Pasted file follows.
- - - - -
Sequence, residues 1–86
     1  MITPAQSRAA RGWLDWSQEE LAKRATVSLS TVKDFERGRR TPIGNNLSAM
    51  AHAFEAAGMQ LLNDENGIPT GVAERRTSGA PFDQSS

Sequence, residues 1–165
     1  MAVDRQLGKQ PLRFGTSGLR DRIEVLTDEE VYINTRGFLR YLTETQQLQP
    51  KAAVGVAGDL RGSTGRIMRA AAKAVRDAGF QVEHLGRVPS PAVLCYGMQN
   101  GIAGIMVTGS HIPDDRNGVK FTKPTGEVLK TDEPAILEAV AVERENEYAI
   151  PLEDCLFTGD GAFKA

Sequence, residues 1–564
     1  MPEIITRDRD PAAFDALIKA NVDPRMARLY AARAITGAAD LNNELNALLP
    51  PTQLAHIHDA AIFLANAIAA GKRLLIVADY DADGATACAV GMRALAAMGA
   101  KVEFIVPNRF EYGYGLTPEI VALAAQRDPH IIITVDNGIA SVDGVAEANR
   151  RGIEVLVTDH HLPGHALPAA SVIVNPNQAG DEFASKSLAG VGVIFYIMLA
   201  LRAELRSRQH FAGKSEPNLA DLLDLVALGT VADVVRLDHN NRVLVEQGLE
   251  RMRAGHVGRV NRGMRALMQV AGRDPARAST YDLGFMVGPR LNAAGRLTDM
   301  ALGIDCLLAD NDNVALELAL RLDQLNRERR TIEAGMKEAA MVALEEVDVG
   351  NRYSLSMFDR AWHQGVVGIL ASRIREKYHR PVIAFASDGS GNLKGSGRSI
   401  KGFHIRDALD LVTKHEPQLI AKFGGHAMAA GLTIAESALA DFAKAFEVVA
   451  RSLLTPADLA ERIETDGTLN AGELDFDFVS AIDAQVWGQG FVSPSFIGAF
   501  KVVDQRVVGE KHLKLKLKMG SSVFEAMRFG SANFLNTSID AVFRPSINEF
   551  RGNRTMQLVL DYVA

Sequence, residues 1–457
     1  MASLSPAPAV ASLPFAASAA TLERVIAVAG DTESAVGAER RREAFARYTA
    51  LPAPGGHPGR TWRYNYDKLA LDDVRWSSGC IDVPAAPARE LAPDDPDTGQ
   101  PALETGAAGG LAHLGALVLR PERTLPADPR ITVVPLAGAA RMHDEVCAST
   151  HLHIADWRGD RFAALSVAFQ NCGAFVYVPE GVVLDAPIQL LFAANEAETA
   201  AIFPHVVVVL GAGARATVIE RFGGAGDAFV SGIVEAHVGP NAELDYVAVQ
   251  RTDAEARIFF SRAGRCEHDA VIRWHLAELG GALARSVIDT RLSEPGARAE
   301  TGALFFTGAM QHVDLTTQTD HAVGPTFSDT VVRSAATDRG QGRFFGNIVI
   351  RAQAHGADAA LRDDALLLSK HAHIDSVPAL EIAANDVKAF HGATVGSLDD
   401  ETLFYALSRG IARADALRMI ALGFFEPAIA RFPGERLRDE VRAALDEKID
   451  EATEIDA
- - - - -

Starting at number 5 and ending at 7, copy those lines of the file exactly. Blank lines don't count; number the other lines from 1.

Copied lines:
     1  MAVDRQLGKQ PLRFGTSGLR DRIEVLTDEE VYINTRGFLR YLTETQQLQP
    51  KAAVGVAGDL RGSTGRIMRA AAKAVRDAGF QVEHLGRVPS PAVLCYGMQN
   101  GIAGIMVTGS HIPDDRNGVK FTKPTGEVLK TDEPAILEAV AVERENEYAI